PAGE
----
Grannies dissuaded from sweeping crimes under the carpet


African Utility WeekUTRECHT – ELDERLY women have been discouraged from sweeping under the carpet cases of domestic violence committed by relatives, lest the perpetrators of such crimes returned to haunt them.

The call has been made in the Emadlangeni Local Municipality of the KwaZulu-Natal (KZN) Province, during the launch of the 16 Days of Activism for No Violence against Women and Children.

Power utility, Eskom, launched the campaign in KZN, viewed as one of the hotspots of violence in the country.

Speaking at Utrecht, community leaders, police and the judiciary, said while the elderly were mostly the victims of violence, they were complicit by shielding abusive relatives.

Cllr Ntsikelelo Ndlovu, the Emadlangeni Deputy Mayor, dissuaded the women from such.

“They should not hide these crimes in the wardrobe or under the bed but ensure perpetrators are prosecuted,” Clr Ndlovu said.

Police also pointed out grandmothers were complicit in crimes such as rape, especially if these were committed within the family.

“The elderly women usually cover up such crimes. They don’t usually report them but opt for internal resolutions. Let us not resolve such cases as rape at community or family level but report to the police. Grandmothers must not fear approaching us, the days of apartheid are gone, we are now a service not a force,” said Constable Bheki Dube, the regional South African Police Service (SAPS) spokesperson.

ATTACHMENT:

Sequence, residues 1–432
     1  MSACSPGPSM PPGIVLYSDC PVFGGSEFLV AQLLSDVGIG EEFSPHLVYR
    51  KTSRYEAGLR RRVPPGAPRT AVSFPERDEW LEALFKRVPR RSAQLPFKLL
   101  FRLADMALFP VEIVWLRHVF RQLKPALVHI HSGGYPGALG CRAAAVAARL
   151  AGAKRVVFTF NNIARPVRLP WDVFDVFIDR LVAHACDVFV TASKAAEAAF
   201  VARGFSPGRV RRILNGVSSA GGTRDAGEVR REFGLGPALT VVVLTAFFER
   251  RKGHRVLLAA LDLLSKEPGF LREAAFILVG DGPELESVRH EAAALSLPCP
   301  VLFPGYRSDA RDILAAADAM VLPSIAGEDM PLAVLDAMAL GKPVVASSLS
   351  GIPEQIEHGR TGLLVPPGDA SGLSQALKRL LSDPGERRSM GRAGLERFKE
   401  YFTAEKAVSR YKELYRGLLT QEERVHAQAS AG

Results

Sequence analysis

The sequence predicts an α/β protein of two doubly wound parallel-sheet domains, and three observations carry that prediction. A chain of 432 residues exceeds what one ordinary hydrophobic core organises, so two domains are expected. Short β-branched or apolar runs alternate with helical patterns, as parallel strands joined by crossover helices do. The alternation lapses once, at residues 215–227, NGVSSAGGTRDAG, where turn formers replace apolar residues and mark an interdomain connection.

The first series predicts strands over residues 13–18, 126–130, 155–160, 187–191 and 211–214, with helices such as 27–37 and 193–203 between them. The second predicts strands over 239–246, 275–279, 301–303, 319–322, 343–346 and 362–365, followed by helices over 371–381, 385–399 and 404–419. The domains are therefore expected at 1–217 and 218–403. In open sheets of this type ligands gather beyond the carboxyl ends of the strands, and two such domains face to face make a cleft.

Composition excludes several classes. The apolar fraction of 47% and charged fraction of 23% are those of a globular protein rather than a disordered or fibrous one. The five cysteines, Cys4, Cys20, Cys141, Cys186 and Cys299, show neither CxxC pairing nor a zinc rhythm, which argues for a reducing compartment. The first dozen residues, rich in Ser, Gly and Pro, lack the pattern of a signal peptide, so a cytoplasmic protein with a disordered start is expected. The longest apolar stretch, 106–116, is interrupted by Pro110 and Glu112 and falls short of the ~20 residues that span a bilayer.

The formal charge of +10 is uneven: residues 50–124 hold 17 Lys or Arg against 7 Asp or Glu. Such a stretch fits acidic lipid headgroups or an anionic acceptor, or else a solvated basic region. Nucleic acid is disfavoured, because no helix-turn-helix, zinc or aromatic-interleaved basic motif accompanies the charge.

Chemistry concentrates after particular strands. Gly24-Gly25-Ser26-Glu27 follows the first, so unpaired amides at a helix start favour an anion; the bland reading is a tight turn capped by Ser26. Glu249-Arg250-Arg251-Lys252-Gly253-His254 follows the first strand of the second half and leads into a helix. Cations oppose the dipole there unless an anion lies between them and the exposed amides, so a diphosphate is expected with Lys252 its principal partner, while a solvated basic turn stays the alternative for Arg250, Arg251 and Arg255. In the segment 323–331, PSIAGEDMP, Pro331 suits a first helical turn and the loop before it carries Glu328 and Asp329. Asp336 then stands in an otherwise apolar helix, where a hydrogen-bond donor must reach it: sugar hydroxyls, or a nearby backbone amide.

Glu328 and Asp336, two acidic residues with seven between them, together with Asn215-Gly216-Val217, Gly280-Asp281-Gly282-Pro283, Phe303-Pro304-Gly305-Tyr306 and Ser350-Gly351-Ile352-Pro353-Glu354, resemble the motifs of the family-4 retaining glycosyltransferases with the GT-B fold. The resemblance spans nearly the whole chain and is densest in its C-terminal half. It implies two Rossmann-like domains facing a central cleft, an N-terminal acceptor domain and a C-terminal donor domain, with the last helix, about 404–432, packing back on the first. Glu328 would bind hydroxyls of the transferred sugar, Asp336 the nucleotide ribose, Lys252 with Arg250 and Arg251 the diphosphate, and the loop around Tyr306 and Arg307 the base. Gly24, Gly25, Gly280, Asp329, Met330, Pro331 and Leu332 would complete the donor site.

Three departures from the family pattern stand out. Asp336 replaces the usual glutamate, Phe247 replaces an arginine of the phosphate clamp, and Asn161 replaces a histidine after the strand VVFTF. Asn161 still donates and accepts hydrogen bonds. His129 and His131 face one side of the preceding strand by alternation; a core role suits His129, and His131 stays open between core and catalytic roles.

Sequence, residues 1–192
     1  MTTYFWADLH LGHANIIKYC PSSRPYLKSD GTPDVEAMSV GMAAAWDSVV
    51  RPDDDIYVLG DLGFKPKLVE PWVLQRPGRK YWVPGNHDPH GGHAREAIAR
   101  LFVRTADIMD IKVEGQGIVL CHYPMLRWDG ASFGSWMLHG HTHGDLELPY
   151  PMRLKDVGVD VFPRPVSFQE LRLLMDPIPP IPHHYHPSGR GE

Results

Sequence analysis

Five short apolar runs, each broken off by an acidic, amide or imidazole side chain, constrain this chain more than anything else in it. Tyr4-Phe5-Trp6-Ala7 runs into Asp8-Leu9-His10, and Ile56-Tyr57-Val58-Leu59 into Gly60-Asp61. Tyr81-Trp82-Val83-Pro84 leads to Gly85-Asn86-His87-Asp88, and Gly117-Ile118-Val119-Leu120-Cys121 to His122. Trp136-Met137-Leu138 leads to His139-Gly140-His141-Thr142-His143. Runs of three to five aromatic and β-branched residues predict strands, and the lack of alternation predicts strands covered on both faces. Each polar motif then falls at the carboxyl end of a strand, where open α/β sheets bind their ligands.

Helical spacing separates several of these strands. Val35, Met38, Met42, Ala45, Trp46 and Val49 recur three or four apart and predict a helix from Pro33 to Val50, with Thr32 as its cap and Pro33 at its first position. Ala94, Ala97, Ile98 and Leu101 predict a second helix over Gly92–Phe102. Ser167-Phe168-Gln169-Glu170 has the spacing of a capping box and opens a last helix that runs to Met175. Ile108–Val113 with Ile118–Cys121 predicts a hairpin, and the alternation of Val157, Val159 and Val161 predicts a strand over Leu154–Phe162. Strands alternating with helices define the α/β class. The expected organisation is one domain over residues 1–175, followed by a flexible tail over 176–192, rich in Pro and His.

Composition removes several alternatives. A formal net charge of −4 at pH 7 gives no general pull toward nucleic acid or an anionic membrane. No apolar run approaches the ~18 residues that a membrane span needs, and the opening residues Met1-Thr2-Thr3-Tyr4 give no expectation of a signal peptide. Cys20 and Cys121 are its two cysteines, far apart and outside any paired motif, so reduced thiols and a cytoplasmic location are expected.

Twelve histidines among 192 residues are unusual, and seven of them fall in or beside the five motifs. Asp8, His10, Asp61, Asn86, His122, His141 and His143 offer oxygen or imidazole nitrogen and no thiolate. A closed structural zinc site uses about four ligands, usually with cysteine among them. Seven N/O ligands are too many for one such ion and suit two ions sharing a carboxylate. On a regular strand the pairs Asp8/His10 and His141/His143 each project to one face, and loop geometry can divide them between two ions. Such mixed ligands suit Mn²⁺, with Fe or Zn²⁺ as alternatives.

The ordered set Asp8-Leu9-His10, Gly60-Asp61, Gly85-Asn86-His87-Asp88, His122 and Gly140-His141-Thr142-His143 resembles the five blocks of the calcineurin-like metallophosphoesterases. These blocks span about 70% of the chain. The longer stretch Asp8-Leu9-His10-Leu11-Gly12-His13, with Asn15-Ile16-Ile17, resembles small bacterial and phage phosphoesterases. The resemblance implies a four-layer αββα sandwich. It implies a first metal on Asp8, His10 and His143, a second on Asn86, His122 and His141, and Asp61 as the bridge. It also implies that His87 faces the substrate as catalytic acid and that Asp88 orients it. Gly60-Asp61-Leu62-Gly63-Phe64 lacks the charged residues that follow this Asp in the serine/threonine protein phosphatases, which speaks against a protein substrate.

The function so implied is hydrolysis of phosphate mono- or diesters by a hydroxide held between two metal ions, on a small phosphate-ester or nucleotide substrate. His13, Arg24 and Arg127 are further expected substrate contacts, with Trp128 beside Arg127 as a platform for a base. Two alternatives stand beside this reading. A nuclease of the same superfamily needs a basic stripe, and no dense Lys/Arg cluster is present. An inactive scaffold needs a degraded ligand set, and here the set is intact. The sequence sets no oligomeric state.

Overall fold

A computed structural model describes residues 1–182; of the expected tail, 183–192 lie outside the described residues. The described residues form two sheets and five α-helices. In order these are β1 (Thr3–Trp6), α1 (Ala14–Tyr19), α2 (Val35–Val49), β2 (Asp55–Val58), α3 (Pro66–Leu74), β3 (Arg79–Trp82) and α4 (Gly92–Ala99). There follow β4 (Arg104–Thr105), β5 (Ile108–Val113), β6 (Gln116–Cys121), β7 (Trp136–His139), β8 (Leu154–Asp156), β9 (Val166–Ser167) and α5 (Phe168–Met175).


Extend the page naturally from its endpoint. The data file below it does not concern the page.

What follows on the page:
It was pointed out that most perpetrators of crime against the elderly women were the same culprits that committed gender violence against the

Themba Motha, prosecutor at the Utrecht Magistrates Court, thus urged the women to report.

“Abuse is abuse regardless of the source. The elderly must report whether the culprit is a neighbour or a relative,” Motha said.

Meanwhile, Eskom Development Foundation launched the 16 Days of Activism for No Violence against Women and Children to create awareness about the ongoing fight against, amongst others, violence on women, the plight of child-headed families and the importance of medical screening.

With many in the community of Emadlangeni having little or no access to healthcare facilities, one mobile health clinic (Bophelong mobile) was made available to cater specifically for basic medical checks and needs of the elderly women from the area.

Zethembe Khoza, Eskom interim Board Chairman, highlighted the fact that many communities the company operate in struggled to access the healthcare system.

“We saw it fitting to create the Bophelong mobile health programme. Through it we are able to reach far-flung communities, and give them access to facilities they might otherwise be unable to reach,” Khoza said.

– CAJ News








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